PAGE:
What can I say? I found a 2004 GTO for a steal this morning at 9:30, and by 12, I had signed the papers, traded-off my Chevy Silverado, and powered down the road in a Kentucky-Blue Pontiac that could take-on anyone.

The seats are amazingly comfortable, the 350hp LS2 is both smooth and menacing, and the transmission is chunky and satisfying. The car feels brutish and blunt--it's all force and no apologies. No wussy cylinder deactivation...if you keep your foot in it, this thing's good for 158mph and 6mpg

The car stickered at $33k, but there was a red-tag sticker on the doorjam that had it at $24,990, which was lower than my target price from last night, even before I started to haggle. Why can car-buying be like this all the time? How much does the darn thing COST?

Seriously, I took one look at the color of the car, and fell in love...it's a metallic blue color that's just like Kentucky blue. The test drive was lengthy and representative--the car drives small, and has so much thrust available under your right foot in any gear you feel confident. It's a different feel from my MINI, certainly. The Pup feels like it can go anywhere, but it's unable to out-accelerate anything, so you must pick your way through traffic.

Got back to the dealership giggling at myself. The price was nearly $8k off MSRP without me even having to haggle, and the dealership seemed ready to move. No need for false bravado. I informed my salesman that I wanted to see a deal, and we headed in from the 20-degree temperatures.

Now, the only melancholy part of this whole story is what I used for down-payment. I traded-in Big Red, the truck my dad gave me back in May, the super-invisible mobile that I tool around Jackson and Eastern Kentucky like a ghost. Seriously, there anyone in a truck is just like everyone else.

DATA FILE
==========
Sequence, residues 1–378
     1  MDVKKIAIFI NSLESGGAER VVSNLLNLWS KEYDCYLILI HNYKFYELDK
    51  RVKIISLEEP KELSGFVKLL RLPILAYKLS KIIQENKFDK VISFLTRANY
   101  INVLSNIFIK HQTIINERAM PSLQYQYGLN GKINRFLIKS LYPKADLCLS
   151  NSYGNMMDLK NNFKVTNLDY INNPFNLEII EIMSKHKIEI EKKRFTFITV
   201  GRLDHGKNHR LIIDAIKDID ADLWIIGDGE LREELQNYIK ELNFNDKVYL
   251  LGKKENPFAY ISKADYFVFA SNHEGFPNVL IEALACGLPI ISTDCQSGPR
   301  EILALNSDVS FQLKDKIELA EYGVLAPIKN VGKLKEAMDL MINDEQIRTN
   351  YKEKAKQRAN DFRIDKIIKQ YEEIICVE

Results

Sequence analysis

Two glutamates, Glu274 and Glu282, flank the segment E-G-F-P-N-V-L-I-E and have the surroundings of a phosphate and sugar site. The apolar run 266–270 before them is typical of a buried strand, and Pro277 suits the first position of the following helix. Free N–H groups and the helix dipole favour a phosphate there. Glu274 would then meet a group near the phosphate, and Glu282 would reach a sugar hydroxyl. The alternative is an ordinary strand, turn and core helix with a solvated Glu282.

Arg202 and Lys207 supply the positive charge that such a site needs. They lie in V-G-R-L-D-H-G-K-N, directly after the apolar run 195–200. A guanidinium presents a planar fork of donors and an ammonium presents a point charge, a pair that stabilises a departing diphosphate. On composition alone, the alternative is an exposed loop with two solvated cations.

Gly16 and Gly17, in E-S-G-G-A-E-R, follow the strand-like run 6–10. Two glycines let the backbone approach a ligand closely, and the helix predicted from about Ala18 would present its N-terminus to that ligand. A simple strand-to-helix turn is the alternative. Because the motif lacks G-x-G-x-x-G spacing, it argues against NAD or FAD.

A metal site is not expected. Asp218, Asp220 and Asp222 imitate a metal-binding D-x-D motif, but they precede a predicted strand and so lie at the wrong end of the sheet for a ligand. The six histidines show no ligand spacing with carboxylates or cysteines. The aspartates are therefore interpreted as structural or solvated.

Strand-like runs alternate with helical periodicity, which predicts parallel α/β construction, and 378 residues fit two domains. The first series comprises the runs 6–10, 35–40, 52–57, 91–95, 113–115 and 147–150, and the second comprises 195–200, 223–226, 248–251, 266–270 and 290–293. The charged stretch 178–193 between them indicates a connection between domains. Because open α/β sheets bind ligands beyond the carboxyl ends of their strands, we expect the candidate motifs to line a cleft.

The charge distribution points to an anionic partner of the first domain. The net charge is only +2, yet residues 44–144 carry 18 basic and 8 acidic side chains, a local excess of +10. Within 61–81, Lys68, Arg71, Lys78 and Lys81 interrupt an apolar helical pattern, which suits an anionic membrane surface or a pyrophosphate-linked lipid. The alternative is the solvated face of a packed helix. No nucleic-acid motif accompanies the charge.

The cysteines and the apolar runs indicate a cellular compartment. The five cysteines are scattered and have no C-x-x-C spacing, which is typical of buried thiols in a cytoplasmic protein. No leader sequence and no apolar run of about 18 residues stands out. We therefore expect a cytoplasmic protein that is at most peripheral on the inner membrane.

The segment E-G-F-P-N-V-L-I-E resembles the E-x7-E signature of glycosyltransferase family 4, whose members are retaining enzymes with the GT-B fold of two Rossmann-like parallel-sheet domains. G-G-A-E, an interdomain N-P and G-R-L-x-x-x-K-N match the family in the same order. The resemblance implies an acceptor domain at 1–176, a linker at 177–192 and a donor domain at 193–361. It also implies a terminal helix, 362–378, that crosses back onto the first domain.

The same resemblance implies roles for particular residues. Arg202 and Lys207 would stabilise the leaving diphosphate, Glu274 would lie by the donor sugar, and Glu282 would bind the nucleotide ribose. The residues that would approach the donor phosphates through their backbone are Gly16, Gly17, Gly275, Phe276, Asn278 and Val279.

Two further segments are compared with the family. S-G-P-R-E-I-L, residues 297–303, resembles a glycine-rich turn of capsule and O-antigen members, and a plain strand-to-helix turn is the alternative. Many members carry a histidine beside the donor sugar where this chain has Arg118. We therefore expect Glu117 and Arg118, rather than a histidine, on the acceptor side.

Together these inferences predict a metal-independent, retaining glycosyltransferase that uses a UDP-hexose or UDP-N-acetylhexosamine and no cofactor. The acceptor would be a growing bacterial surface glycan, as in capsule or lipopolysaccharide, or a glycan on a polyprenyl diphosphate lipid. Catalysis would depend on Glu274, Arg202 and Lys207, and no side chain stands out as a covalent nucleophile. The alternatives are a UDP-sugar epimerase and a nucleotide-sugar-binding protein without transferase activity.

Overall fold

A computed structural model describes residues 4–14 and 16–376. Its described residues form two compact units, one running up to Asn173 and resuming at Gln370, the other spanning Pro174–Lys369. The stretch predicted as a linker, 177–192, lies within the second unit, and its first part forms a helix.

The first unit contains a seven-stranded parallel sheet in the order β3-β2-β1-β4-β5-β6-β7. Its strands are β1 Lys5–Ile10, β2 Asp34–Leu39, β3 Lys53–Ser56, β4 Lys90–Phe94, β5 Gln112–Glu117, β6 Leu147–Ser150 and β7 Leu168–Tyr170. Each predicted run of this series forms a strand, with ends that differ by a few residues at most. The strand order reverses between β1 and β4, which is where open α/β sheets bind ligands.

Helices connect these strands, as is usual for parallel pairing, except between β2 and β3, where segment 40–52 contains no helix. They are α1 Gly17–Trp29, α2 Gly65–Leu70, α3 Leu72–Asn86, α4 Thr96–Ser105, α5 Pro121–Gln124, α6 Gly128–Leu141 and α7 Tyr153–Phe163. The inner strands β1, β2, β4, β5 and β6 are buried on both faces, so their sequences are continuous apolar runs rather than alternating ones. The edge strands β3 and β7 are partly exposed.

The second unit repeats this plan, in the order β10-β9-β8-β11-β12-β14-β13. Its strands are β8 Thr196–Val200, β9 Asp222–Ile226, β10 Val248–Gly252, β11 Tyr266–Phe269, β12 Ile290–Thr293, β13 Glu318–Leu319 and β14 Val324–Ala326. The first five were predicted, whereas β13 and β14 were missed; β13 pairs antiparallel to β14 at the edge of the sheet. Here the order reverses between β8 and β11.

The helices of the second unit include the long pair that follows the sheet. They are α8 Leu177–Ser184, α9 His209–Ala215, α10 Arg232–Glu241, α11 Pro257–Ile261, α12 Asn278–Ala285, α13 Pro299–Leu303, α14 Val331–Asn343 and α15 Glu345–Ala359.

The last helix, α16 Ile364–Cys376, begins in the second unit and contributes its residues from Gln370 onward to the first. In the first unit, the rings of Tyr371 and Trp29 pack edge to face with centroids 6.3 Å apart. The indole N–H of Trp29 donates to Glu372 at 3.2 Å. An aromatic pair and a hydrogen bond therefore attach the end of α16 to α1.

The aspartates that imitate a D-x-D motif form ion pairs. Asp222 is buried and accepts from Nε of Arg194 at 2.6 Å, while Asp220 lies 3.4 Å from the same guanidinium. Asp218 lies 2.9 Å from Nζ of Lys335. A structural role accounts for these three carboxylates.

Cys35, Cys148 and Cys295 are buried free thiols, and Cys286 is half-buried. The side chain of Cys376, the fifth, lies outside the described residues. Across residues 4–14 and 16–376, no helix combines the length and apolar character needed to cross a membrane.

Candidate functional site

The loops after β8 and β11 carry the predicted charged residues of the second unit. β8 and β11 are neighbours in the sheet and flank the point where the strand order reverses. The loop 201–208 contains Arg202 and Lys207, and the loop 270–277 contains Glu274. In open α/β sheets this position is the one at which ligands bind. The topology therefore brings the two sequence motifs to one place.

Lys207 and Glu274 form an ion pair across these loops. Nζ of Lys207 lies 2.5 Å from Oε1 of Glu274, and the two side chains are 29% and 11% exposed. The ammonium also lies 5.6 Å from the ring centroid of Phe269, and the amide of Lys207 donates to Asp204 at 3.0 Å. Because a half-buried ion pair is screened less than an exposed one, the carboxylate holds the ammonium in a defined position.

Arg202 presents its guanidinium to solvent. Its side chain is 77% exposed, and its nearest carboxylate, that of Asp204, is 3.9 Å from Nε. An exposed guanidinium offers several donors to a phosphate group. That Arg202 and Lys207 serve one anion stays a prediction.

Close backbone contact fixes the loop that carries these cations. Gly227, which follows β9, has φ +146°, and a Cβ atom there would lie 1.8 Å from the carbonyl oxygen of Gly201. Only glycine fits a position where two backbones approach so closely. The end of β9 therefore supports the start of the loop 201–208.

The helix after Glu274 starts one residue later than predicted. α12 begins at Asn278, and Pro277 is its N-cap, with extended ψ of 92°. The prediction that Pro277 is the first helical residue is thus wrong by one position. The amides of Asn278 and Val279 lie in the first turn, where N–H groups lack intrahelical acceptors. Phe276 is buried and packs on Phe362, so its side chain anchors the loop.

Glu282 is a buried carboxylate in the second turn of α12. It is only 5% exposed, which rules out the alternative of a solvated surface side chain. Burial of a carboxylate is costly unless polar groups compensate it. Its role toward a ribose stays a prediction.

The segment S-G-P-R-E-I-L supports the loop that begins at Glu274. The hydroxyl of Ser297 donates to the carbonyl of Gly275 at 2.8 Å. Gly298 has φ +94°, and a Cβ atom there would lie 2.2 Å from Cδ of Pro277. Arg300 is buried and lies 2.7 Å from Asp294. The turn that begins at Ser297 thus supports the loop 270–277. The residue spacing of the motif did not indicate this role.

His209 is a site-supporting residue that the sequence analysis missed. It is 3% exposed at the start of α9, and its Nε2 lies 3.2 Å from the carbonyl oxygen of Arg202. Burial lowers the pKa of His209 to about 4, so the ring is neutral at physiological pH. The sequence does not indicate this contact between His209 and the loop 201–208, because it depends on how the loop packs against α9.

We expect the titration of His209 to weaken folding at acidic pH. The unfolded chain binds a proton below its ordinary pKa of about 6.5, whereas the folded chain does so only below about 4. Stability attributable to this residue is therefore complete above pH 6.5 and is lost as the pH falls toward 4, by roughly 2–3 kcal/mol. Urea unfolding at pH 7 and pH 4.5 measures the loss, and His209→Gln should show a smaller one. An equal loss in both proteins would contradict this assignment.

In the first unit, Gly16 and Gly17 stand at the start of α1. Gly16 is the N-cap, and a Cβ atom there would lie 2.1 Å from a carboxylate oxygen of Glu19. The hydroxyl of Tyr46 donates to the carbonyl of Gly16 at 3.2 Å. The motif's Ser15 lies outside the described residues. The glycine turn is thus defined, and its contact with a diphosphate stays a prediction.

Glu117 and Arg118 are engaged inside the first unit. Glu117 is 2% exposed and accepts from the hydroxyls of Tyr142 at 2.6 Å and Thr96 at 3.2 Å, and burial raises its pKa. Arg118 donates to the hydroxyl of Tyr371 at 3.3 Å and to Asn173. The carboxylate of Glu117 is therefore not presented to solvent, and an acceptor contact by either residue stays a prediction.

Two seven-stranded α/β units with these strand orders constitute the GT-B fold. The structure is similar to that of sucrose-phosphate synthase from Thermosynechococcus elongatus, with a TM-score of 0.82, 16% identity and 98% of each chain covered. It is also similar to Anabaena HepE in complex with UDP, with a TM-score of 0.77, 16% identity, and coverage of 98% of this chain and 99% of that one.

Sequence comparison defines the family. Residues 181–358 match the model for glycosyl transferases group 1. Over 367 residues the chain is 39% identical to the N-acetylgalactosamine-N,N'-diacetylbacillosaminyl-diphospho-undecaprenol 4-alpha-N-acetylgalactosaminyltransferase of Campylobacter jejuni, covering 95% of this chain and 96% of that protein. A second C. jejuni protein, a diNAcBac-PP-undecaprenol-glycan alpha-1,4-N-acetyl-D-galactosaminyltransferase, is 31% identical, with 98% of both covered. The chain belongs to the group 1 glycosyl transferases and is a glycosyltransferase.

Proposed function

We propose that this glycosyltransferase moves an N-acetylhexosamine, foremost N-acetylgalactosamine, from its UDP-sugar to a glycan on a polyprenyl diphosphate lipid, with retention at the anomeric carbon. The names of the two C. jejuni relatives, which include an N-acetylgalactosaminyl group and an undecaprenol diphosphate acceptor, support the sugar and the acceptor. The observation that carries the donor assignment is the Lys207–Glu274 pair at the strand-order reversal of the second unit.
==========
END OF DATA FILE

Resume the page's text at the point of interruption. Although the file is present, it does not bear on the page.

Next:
I liked that truck a great deal, especially for the amazing generosity and love it represented from my Dad. All things considered, though, I'm more comfortable with the driving dynamics of cars, and now I have two really kick-ass machines:

  • Daily commute, around town, autocross: The Pup

  • Long highway trips, special events (drag racing?), carrying 4 adults: The GTO




* * *

I can't tell you how effortless the GTO is on the interstate. Notch the shifter in 6th, dropping the rpms to 1700 at 75mph and cruise, all the while getting 25mpg. Hills disappear, and traffic is a mere toe nudge from separation.

Lest you think it's perfect, there are some downsides here:

  • To Americanize the Australian Holden Monaro, they had to move the gas tank into the trunk, cutting to trunk space to a miniscule 7 cubic feet. My Nissan had 10, and my MINI with the seats folded has 17. Those 4 adults better pack light

  • Weight. This car's a linebacker, not a wide receiver. At 3800lbs, it outweighs the Vette by almost half-a-ton.

  • Missing "nice things": No OnStar, No sunroof (not even as an option), weak stereo, no heated seats/mirrors

  • Quirky rear-seat mechanism: You have to fold the seat forward, then wait an eternity for the seat electric motor to move the seat forward for access. The rear seats themselves are good-sized (best if you're under 6 feet), but getting back there is for the narrow of hip



All-in-all, it's a back-to-basics muscle-car, a last-gasp remnant of the second age of performance cars (1994-2004), before oil prices, environmental reponsibility, or the end-of-civilization has us all driving low-powered hybrids.

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